Does that mean that when two Quarks come as close to each other as the Planck distance 10^{-33}m then gravity must be taken account if one is to understand their movement?

I know vaguely that the Planck energy is the point at which a black hole forms or something like that but I'm not really sure. Any advice would help out.

The Planck energy is not directly relevant to the formation of black holes - the latter is governed primarily by the Schwarzschild radius of the quantity of mass under consideration.

More or less. Bearing in mind that what really happens at the Planck scale is sheer speculation....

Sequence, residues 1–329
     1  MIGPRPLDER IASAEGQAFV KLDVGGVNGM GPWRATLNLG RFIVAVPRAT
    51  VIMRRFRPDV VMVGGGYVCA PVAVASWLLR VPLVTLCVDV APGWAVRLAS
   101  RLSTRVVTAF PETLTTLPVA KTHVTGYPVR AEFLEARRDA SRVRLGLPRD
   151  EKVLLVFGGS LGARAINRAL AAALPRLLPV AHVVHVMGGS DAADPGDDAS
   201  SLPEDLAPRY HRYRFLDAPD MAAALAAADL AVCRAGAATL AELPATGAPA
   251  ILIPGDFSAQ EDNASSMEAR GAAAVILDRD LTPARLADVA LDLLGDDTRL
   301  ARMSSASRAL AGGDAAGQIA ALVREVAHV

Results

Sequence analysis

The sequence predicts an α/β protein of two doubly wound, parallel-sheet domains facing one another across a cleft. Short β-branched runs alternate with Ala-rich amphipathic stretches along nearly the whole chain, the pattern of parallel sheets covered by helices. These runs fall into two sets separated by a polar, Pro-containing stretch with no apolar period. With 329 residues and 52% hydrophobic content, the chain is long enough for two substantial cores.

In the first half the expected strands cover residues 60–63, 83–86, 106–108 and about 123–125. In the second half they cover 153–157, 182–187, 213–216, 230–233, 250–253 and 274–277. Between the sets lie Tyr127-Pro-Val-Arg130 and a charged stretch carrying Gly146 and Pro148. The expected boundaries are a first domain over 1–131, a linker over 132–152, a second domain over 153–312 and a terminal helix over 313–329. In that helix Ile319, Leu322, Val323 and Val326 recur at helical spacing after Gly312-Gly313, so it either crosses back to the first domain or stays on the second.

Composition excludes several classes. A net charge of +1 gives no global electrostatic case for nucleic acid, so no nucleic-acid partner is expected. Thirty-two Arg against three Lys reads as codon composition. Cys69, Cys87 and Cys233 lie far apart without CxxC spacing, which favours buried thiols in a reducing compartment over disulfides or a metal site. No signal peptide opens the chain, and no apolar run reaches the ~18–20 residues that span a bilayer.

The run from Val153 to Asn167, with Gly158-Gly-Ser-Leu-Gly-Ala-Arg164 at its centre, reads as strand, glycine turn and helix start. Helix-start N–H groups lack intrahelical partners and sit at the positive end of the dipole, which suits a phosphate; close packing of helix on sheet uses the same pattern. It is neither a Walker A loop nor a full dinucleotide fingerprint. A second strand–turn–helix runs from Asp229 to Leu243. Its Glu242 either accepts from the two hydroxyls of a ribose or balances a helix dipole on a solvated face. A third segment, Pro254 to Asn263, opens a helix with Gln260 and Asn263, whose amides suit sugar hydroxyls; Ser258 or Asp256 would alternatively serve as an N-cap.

If you confine a particle in a smaller and smaller region, its zero point energy increases. The Compton wavelength is the distance scale ~ħ/mc at which the zero point energy equals the rest mass, and therefore particle number is no longer conserved.

If you confine a mass in a smaller and smaller region, its gravitational potential energy increases. The Schwarzschild radius is the distance scale ~Gm/c^{2} at which the gravitational potential equals the rest mass.

The Planck scale (Planck distance, Planck mass, Planck energy) is where quantum mechanics and gravitation become equally important, i.e. when the Schwarzschild radius equals the Compton wavelength.